Forum for Science, Industry and Business

Sponsored by:     3M 
Search our Site:

 

Antique Whale Oil Provides Insights to Origin of Pre-Industrial Chemicals

16.10.2006
Samples from Whaleship Charles W. Morgan Helps Scientists Trace Sources

One of the last remaining New England whaling ships has provided unexpected insights into the origin of halogenated organic compounds (HOCs) that have similar chemical and physical properties as toxic PCBs and the pesticide DDT. HOCs are found everywhere and degrade slowly, but some are naturally produced and others are produced by humans.

While large scale industrial production of HOCs did not begin until the late 1920s, scientists from the Woods Hole Oceanographic Institution (WHOI) in Massachusetts say naturally produced HOCs were bioaccumulating in marine mammals before major chemical companies like Monsanto, Dupont, and 3M were making HOCs for industrial uses. Their findings are reported in the online version of the journal Environmental Pollution.

In the past decade, scientists conducting routine analyses of animal and food samples began to discover unknown HOCs in their samples. Detective work led to their identities, but where these compounds were coming from has been a mystery. While some of these "unknown" compounds can be loosely traced to a possible industrial or natural source, the majority of these compounds have no known industrial or natural sources.

Emma Teuten and Christopher Reddy found their pre-industrial HOC samples in a most unlikely place: whale oil from the Charles W. Morgan, one of the last whaling ships operating during the 19th and early 20th century. Built in 1841 in New Bedford, Mass., the ship traveled the world looking for whales, often on voyages of three years or more. The ship is now preserved and on public display at Mystic Seaport in Mystic, Conn. The researchers received the whale oil samples from the New Bedford Whaling Museum.

Teuten and Reddy studied one sample of antique whale oil and found the HOCs in all the samples . The results provide further evidence that naturally produced HOCs were accumulating in marine mammals long before the human-produced varieties.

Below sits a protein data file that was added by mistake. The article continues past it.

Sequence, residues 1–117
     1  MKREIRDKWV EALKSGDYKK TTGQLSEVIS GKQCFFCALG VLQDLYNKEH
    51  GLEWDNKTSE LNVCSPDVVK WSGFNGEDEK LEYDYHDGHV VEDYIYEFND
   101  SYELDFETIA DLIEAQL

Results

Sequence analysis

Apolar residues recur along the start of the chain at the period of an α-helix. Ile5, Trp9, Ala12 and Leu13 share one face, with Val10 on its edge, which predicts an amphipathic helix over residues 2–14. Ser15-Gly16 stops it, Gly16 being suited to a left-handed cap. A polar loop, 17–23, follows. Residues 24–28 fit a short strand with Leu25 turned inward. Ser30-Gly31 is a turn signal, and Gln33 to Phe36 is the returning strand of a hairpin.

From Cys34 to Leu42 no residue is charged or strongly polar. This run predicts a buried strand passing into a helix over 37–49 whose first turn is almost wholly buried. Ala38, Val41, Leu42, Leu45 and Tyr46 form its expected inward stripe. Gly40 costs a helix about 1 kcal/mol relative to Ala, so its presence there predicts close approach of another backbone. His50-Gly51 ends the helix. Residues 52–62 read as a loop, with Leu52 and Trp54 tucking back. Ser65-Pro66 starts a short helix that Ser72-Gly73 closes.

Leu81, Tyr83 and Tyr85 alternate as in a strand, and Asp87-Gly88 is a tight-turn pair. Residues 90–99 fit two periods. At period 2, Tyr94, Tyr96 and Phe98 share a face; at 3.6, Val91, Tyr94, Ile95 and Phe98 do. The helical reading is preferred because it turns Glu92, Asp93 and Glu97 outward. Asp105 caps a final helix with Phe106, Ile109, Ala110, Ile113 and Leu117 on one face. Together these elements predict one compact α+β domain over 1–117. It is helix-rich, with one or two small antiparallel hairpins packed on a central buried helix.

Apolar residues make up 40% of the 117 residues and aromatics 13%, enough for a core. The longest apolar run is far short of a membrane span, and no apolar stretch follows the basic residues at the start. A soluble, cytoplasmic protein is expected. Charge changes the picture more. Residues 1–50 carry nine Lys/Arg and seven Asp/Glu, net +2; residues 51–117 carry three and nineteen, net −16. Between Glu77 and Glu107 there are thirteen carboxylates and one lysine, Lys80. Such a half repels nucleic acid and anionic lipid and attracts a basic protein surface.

“What is most interesting to us is that we still find these ’natural’ compounds in recent samples from marine mammals, human breast milk, and commercially available fish in Canada,” said study co-author Christopher Reddy, an associate scientist in the WHOI Marine Chemistry and Geochemistry Department. With co-author Emma Teuten, now at the University of Plymouth, England but previously at WHOI, Reddy studied one of the previously unknown HOCs and determined that it was from a natural source, not industrial pollution. The approach was time consuming, taking more than six months of lab work to complete, and required more than ten pounds of whale blubber.

“Our main goal now is to identify who is making them, why, and how toxic they are,” said Teuten. “We suspect that many of these compounds were and are made by bacteria, plants, animals as chemical defense mechanisms.”

Reddy says the properties of these natural compounds he and Teuten found in the archived whale oil are similar to those of industrial HOCs. “Most industrial HOCs do degrade in the environment, although very slowly. With adequate regulations regarding the manufacture and release of the industrial versions, we expect in the future that natural HOCs, rather than industrial ones, will again be the only HOCs found in animal and human tissue.”

Reddy says these results should motivate science to consider the ecological role and bioactivity of these natural HOCs and how pre-exposure to these compounds prepared bacteria, plants, animals, and humans for industrial HOCs introduced during the past century. It is well known that organisms have evolved defensive mechanisms against chemicals in their environment, and until recently the sources of these chemicals were primarily natural. The importance of HOCs like those identified by Teuten and Reddy in the evolution of these defenses is not yet understood.

Industrial HOCs have been accumulating in the environment since the 1930’s. Production of PCBs began in 1929, DDT in the late 1930s. “Knowing that the natural compounds have been produced for much longer times, we can use the natural sources as tools in studying the industrial ones,” Teuten said. “For example, we may be able to use these natural HOCs as chemical tracers, just like dyes are used in medicine.”